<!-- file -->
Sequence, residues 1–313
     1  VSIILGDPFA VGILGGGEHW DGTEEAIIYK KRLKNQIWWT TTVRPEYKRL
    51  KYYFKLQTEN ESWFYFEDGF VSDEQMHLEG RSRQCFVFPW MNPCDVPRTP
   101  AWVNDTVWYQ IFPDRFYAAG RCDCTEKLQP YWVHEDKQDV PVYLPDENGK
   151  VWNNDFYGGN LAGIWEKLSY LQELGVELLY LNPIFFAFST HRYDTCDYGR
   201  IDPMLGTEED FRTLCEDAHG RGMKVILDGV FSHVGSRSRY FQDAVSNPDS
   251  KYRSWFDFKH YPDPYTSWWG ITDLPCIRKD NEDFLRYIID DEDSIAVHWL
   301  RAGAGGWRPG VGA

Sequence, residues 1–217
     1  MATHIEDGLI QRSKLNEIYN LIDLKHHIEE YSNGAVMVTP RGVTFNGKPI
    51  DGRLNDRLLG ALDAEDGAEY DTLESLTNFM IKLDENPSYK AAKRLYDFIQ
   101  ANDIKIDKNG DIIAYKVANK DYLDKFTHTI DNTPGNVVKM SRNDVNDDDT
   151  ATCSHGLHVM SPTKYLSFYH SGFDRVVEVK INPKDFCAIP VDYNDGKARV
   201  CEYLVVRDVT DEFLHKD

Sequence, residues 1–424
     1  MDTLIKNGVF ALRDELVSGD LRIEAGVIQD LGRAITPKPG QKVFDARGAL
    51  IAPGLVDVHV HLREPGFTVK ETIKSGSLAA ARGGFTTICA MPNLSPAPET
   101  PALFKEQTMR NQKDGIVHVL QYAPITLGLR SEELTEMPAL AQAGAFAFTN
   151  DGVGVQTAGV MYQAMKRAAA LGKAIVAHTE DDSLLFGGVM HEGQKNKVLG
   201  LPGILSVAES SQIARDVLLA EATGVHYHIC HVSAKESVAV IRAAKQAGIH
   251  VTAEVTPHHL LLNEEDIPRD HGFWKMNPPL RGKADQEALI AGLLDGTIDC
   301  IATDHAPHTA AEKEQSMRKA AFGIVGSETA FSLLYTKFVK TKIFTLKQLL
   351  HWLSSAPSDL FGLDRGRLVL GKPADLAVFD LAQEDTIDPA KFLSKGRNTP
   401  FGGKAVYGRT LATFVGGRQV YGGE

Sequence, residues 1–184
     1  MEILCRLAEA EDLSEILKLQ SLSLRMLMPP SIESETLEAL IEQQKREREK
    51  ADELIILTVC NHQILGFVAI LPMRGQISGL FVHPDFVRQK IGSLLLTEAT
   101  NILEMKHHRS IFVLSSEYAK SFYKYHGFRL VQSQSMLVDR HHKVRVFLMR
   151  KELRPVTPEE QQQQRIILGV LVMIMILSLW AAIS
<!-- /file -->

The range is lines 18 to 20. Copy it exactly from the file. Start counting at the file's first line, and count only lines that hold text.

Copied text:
   101  PALFKEQTMR NQKDGIVHVL QYAPITLGLR SEELTEMPAL AQAGAFAFTN
   151  DGVGVQTAGV MYQAMKRAAA LGKAIVAHTE DDSLLFGGVM HEGQKNKVLG
   201  LPGILSVAES SQIARDVLLA EATGVHYHIC HVSAKESVAV IRAAKQAGIH